Issued on: 01/07/2020 – 23:56Modified: 02/07/2020 – 00:19
Britain on Wednesday extended Hong Kong residents a broader path to citizenship in response to China's sweeping new security law for the former UK territory.
Prime Minister Boris Johnson's announcement represents the most direct international response to legislation that has been roundly condemned by Western allies.
It comes during a London review of its entire range of relations with Beijing that includes a reassessment of the role China's Huawei is playing in the buildup of Britain's 5G data network.
"The enactment and deposition of this national security law constitutes a clear and serious breach of the Sino-British Joint Declaration."
Johnson said London had warned Beijing that it would introduce a new route for those with British National Overseas status to move to the UK.
"And that is precisely what we will do now," he said.
About 300,000 Hong Kongers have BNO passports and another 2.6 million are eligible to apply.
Foreign Secretary Dominic Raab said Britain's offer also extended to dependents of those with BNO status but refused to be drawn about how many would apply.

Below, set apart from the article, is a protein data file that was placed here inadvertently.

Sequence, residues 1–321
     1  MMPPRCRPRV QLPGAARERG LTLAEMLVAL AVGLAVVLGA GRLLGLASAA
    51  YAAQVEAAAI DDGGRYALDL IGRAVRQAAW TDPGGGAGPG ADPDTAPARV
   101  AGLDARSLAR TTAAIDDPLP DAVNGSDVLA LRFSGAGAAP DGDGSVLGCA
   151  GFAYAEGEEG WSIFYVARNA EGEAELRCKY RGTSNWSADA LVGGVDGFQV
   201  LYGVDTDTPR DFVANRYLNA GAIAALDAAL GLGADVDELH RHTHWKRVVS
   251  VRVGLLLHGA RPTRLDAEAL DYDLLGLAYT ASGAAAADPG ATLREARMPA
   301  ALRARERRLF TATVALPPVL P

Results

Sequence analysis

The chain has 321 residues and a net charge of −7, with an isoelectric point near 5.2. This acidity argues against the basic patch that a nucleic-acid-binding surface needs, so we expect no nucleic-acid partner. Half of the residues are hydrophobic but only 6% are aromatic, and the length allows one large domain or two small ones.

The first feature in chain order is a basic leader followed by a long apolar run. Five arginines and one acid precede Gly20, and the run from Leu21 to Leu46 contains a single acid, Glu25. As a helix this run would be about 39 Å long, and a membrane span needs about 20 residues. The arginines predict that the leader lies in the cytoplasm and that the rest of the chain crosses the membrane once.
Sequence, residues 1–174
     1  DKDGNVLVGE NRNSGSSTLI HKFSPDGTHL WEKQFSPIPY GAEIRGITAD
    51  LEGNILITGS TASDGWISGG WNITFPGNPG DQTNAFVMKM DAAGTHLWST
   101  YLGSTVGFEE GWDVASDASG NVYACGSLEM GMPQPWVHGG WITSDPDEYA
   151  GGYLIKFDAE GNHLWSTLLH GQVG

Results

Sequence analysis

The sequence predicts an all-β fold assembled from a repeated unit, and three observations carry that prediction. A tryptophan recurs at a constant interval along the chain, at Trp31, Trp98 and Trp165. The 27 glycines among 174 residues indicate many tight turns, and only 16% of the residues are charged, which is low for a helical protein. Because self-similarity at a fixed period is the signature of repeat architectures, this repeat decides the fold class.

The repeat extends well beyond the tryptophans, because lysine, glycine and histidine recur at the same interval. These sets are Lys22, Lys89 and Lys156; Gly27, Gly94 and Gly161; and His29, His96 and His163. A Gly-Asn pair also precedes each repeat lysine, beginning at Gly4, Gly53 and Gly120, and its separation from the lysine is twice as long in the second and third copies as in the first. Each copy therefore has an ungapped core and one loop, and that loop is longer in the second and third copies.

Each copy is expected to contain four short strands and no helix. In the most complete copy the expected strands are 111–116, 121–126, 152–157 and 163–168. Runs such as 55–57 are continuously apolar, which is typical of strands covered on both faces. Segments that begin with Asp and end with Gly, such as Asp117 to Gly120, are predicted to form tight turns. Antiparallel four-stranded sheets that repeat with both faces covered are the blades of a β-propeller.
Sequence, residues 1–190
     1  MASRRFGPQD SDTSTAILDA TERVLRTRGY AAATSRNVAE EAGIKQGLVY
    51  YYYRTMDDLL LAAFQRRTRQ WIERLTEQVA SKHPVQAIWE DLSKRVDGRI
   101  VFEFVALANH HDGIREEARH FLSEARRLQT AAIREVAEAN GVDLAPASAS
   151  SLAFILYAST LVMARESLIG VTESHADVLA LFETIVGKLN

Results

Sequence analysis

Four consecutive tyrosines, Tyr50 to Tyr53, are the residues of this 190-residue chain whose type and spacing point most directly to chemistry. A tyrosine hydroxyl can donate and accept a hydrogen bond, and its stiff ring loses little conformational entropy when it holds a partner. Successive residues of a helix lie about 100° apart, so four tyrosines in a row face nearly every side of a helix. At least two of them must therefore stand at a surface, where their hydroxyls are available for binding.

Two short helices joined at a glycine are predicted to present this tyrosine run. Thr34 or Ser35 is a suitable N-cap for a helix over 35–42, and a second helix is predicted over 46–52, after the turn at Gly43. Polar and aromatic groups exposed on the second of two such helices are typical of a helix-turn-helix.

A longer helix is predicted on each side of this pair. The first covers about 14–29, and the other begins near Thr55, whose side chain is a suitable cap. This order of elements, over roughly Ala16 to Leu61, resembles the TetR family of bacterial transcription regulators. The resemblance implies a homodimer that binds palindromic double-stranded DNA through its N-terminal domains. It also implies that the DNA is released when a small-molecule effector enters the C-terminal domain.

Sky News and other media said Raab's office also summoned China's embassador Liu Xiaoming to express its deep concern.
Hong Kong was under UK jurisdiction until Britain handed it to China in 1997 with a guarantee that Beijing would preserve the city's judicial and legislative autonomy for 50 years.
But critics say the new law — passed by Beijing's rubber-stamp parliament this week without its text being released to the public — tests the limits of the "One Country, Two Systems" principle that formally entered international law in 1984.
Britain's last Hong Kong governor called details of the legislation unveiled overnight "even worse than I expected".
"It is Orwellian stuff," Chris Patten told the BBC.
"It does go wider and further than anybody had feared."
Britain's response to China's legislation offers a much smoother pathway to UK citizenship for millions of Hong Kongers.
Raab said Hong Kongers with BNO status and their dependents would first have the right to work or study in Britain for five years.
They would then have the right to apply for settled status then possible citizenship.
He said there would be "no quotas" and described the entire system as "bespoke".
"This is a grave and deeply disturbing step," he said of the Chinese law.
"China through this naRead More – Source